Just as with getting tattoos or removing them, (hint: both equally painful experiences), the furore over a recent European Court of Justice (ECJ) ruling on the “Right To Be Forgotten”, (aka #RTBF), appears to be one that will hurt regardless of which end of the ruling you support. Why is this so, what does it mean, and is it even possible to forget anything on-line?
Enough time has passed between the ECJ announcement in May and the initial stormy reactions from both mainstream and social media, that it is now possible to perceive the wood for the trees and to separate fact from fiction and fantasy. First of all, this is about safe guarding individual rights to privacy, and providing some measure of control over the personal data processed by Internet search engines (Google in this case). It is definitely not about erasing personal data from the web, as you might have been led to believe from the initial hue and cry following the announcement.
Secondly, the ruling left it to individuals to approach the search provider and request removal of links to information which are “inadequate, irrelevant, no longer relevant or excessive” from results of searches conducted on their name. However, it is up to the search engine provider to work out if it is appropriate to remove or retain said links, in the public interest. In the latter eventuality, the individual can chose to take the search provider to court in his/her national jurisdiction.
Also, several developments have occurred since this landmark ruling was made in favour of Mr Gonzalez vs. Google Spain, including the take-up of such requests by Microsoft’s Bing search engine. However, according to an article on IP-Watch, this ruling is akin to opening Pandora’s Box because it throws up a host of challenges, such as:
- Privacy versus free speech – the ruling effectively asks search engine providers to make a judgement call on two competing rights of free speech versus privacy. This arguably goes against the raison d’être of search engines as trusted source of comprehensive search information, and not selective parts thereof.
- Lost in Translation – The Right to be Forgotten is now accepted as a European Principle, but it is still open to subtle differences in translation, interpretation and implementation among the various member states. Furthermore, because this ruling only applies to Europe, the removed links may still show up in other countries, unless #RTBF becomes a globally adopted principle or if the search provider decides to remove the search links globally. It is thought this differentiation could lead to fragmenting of the web in various jurisdictions.
- #RTBF overload – Requests to remove links to personal information hit over 70,000 within the first few months of the ruling, which undoubtedly placed some burden on Google (and likely do so eventually for other major on-line players such as Facebook), but perhaps more importantly this also provides an indication of the sort of personal information that people wish to delete (see related article about removed links).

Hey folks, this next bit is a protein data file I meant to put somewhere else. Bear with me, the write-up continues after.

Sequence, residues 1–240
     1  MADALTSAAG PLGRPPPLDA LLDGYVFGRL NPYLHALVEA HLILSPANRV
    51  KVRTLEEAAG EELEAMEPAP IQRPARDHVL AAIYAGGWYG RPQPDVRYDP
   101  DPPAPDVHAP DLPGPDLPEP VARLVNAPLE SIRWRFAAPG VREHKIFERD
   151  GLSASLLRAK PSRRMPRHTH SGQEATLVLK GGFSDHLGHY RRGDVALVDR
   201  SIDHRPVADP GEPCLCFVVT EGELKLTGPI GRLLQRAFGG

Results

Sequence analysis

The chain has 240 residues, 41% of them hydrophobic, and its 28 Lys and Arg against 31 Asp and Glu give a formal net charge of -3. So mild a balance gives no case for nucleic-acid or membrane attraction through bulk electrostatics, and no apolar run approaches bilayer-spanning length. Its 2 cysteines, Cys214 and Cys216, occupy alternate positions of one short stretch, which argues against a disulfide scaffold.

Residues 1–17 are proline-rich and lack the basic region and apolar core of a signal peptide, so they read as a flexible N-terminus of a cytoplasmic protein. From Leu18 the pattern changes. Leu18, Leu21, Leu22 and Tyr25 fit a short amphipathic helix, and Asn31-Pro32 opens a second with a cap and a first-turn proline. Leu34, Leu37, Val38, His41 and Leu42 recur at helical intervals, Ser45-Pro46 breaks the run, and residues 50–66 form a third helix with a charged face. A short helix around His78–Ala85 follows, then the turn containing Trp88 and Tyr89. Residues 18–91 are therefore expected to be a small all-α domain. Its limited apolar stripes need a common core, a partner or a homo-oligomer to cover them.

- FUD Factory – The scale of coverage, and misinformation, associated with this ruling is huge according to international advocacy group, EDRi. They also contend that the number of links removed by European Right to be Forgotten is nothing compared to the scale of DMCA triggered links removal, where it appears Google has had to delete “hundreds of millions of search results” without anywhere near the same level of attention.
Based on the above observations, it seems an element of perception manipulation may be at play with regards to the European Right to be Forgotten, especially given its lack of global scope and the fact that only links are removed (not the actual content). This gives individual requesters some illusion of control over information in a media (the Web) that is not necessarily designed to be manipulated as such. Furthermore, search engines may be an unfair, easy target since removal of links only make it more difficult, but not impossible, to locate users personal information even within Europe.
This ability to control access to personal information may be a good or bad thing, depending on who is looking and why. Everything rests on the motive of the searcher or ‘hider’ of personal information. Paedophiles, terrorists, ex-convicts, or even drunken antics in Magaluf, may wish to be forgotten, but is that beneficial to the interests of potential employers, neighbours or partners? Do we need to know everything, or should we all have some kind of adjustable online reputation filter? What about privacy and forgiveness for reformed offenders? So many questions and not enough answers, as we continue to evolve into a global digital society, but whatever the outcome the signs are clear that the debate and tension between free speech and privacy is far from over.